Despite an increase in loan delinquencies, CMBS rallied strongly across the risk spectrum in 2010-11, showing just how severe a decline in commercial real estate prices had previously been reflected in CMBS prices, and the degree to which such loss expectations lessened as the year progressed. However, despite the price increases in CMBS, a high degree of investment selectivity will be needed to outperform.
Core real estate strategies continue to dominate private equity, as investors look for opportunities to acquire income-producing assets at a material discount to peak pricing levels. However, partly because of increasingly intense bidding for core assets, it appears as though value-add strategies (particularly higher-quality properties in primary markets) might offer better relative value within the private equity quadrant in 2011. Well-capitalised investors with strong leasing capabilities have significant advantages in the value-add space. Indeed, such strategies can perform well even if employment growth falls short of expectations, given opportunities for better-capitalised investors to buy poorly leased assets below replacement costs and subsequently take leasing market share away from overleveraged competitors. In addition, the opportunity to acquire poorly leased properties is likely to increase in 2011, as lenders become more willing to sell distressed assets as prices improve.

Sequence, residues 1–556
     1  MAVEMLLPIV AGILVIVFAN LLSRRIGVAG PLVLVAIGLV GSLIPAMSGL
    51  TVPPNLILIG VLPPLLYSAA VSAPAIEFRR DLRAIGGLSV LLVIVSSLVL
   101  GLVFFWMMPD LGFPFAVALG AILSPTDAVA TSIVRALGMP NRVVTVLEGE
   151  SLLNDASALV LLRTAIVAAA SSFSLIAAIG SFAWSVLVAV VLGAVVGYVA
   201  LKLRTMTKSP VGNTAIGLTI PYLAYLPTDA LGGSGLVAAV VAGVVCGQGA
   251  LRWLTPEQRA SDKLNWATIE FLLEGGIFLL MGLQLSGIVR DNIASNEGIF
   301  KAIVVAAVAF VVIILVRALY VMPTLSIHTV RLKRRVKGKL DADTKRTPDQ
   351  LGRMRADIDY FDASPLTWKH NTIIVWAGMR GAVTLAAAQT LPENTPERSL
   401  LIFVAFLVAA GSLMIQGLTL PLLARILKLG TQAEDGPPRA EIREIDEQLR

The more favourable economic and employment environment is expected to help the real estate market to recover. Vacancy rates for all property types, except retail, declined in the fourth quarter of 2010, driven by improving tenant demand and reduced supply. Stronger office and industrial net absorption reflects improvements in the overall economy. In the already robust multifamily sector, strong net demand continued in the fourth quarter of 2010 amid few signs of the typical seasonal slowdown. In contrast, the retail sector, despite a second consecutive quarter of positive demand, has shown only limited improvement in vacancy rates. Overall, trends in space markets are clearly becoming more favourable as economic conditions improve.
The primary risk confronting the asset class is the speed of space market recovery relative to the pace of interst rate normalisation. The eventual reversal of a more accommodating monetary policy and QE2 is likely to produce further rises in interest rates that, all else being equal, will generally be unfavourable for real estate cap rates, discount rates, and mortgage interest rates. While rising interest rates have so far not adversely affected core property values, the suddenness and magnitude of the jump in risk-free rates serves as a poignant reminder that capital markets change much more quickly than space markets.
And that, in turn, highlights one of the risk elements that could serve as a potential roadblock to what might otherwise be a steady recovery in property values: namely, increases in property net operating income could be partially negated by interest rates moving closer to historical averages and, in turn, putting upward pressure on cap and discount rates.
That risk implies that investors stay closely attuned to excellence at the operational level, with a focus on increasing occupancies, pushing rents as much as possible (despite what is still a tenant market), and aggressively reducing operating expenses.
The back-to-basics approach to real estate in the post-financial engineering era continues to be as important as ever in optimising investment performance.
Randy Mundt is CIO, Principal Real Estate Investors